Maths in Python is very similar to the way we do maths in a calculator. The order of operations follows BIDMAS (Brackets, Indices, Division, Multiplication, Addition and Subtraction). We would recommend using a liberal amount of brackets to ensure that the correct order of operations is carried out.

You can also use variables when doing mathematical operations, however they need to be floats or integers. Mathematical operations won’t always work on strings or booleans.

Below is a list of mathematical operators that you can use:

Operator Name in Python Operator in mathematical form
Add a + b A plus B
Subtract a - b A minus B
Divide a / b A divided by B
Multiply a * b A times B
Powers a ** b A to the power of B

Additional Resources - Basic Operators

Using the math module

The math module has several mathematical functions that could be useful for robot development (e.g trigonometry functions). To access this module, it must be imported.

>>> import math
>>> math.factorial(5)
120
>>> math.cos(0)
1.0

Debugging (and better print statements)

Sometimes you might come across issues with your code that you may need to debug. The print() statement comes in handy in these situations. You might find it useful to insert print() statements at various points in your code to track the values of variables:

x = 40
print("initialised x as 40")
x = x + 2
print("x is now:", x)

f-strings

For inserting values into strings we recommend f-strings. f-strings look like normal strings, but with an f in front like this: f"This is an f-string". Unlike normal strings, f-strings let you insert values into them inside curly brackets {} like this:

var_age = 20
print(f"my age is {var_age}"))  # Prints "my age is 20"

You can put any valid value in the curly brackets:

f"{["Mammal", "Reptile", "Fish", "Amphibian", "Bird"][4]} is the word"

Functions

Functions are named blocks of reusable code. They’re useful for making your code neater and easier to read, which is important as you don’t have that much time to debug errors. Using functions reduces the amount of repeated code in your program. Make them like this:

def function_name():
    print("This function will print this string")

This function prints "This function will print this string" every time it’s called.

>>> function_name()
This function will print this string

Functions can take in extra data called parameters. These work like variables that you can only access from within the function, and their values get set when the function gets called.

def turn_right(angle, speed):
    print(f"set the left motor to {speed}")
    print(f"set the right motor to {-speed}")
    print(f"wait {angle / 100} seconds")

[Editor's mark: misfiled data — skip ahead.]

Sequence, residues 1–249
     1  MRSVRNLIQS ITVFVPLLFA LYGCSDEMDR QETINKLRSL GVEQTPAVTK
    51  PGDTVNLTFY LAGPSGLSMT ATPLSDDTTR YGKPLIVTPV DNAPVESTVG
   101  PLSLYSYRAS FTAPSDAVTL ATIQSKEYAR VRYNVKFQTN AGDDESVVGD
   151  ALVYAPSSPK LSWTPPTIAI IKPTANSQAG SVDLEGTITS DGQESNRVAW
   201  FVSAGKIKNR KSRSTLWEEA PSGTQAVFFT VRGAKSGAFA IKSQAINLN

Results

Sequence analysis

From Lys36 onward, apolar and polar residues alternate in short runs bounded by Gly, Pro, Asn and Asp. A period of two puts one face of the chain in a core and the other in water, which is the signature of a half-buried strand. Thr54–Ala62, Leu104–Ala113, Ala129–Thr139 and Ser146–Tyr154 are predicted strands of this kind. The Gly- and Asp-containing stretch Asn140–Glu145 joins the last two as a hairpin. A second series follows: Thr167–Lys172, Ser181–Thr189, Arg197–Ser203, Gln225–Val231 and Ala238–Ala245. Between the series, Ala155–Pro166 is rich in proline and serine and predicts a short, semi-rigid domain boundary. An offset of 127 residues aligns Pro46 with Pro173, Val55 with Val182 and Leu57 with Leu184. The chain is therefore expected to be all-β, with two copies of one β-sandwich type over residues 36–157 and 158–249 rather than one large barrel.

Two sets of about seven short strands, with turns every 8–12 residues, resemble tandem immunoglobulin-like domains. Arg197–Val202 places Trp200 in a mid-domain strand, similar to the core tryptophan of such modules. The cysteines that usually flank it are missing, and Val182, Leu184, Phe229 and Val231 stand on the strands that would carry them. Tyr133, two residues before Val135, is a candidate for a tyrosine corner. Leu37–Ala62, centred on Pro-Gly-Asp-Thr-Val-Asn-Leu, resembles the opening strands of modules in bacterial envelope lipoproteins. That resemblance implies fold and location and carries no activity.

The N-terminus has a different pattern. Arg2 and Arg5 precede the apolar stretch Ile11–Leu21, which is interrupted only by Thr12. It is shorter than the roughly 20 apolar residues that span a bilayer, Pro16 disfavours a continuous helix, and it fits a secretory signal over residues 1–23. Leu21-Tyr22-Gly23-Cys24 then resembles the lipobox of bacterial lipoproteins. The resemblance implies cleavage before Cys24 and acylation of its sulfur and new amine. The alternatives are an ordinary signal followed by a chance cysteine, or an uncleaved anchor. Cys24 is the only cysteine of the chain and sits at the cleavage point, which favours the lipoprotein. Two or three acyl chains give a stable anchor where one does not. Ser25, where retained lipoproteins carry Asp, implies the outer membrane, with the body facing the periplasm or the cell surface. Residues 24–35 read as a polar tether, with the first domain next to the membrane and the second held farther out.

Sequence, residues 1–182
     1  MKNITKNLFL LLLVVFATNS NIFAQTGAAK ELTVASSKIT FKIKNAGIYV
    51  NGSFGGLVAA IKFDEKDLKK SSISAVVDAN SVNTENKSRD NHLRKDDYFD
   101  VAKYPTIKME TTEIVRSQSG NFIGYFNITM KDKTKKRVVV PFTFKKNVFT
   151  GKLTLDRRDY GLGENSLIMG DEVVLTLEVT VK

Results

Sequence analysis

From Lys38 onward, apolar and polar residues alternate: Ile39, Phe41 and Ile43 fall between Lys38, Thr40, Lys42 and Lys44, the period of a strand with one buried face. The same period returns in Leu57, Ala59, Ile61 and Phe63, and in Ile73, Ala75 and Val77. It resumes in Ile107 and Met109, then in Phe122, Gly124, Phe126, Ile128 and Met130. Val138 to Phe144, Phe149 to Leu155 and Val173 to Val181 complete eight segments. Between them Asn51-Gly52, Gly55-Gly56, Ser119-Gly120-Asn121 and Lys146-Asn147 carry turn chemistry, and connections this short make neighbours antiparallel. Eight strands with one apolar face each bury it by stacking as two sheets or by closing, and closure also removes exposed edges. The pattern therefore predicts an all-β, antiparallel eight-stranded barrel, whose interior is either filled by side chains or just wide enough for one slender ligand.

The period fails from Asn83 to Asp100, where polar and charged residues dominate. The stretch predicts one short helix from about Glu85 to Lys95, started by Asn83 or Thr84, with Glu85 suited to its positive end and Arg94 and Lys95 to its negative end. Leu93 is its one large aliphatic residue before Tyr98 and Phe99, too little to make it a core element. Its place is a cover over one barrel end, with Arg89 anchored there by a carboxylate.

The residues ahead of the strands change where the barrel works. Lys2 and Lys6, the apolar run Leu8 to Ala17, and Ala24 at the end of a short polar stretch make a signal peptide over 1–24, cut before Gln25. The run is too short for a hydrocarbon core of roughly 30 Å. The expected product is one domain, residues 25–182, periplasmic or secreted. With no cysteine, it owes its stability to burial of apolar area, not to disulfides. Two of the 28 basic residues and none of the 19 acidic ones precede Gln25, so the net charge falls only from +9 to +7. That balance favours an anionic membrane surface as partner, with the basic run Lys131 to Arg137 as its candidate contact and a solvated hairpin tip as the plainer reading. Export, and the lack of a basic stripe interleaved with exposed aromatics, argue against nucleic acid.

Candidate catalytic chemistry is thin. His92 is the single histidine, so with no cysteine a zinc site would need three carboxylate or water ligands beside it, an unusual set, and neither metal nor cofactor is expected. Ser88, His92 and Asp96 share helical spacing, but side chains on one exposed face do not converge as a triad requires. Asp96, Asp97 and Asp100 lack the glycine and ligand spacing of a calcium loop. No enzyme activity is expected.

print("set the left motor to 0")
    print("set the right motor to 0")

Here’s what happens when you call turn_right:

>>> turn_right(45, 0.7)
set the left motor to 0.7
set the right motor to -0.7
wait 0.45 seconds
set the left motor to 0
set the right motor to 0

Functions can also return values, which can then be stored in variables, passed to other functions or even just ignored. Here’s a function which returns a value:

import math
def degrees_to_radians(degrees):
    return degrees * math.pi / 180

And here’s that function in action:

>>> radians = degrees_to_radians(360)
>>> radians
6.283185307179586

Additional Resources - Functions

Scope of a variable

Not all variables are accessible in every part of the code. Where a variable can be accessed from is called its scope. If the variable is defined in a function, then you can only use that variable inside the same function. Variables defined outside functions can be used anywhere.

If you want a variable in a function to be accessible everywhere, write global in front of its name when you define it (e.g global myVar = 2). You shouldn’t usually need to do this, though.

Additional Resources - Scope

Using Modules

A module contains pre-written functions and variables that you can use by importing it. This is quite a useful tool to use since it avoids reinventing the wheel and splitting your own code into modules makes it easier to divide up the work among your team.

Start by importing the module you want with the statement import module_name. You can then use its functions by writing module_name.function(). For example, if you wanted to use the sleep function in the time module then you would write time.sleep().

Some module names are quite long, so you can shorten the code by assigning it a different name when you import it by using the as keyword. For example, matplotlib.pyplot allows you to plot graphs, but you can shorten it to “plt” in your code by writing this when you import it: import matplotlib.pyplot as plt.

Any other Python files in the same folder can be imported like modules. If you have a file called motor_control.py, for example, you could import it by writing import motor_control.

Additional Resources - Modules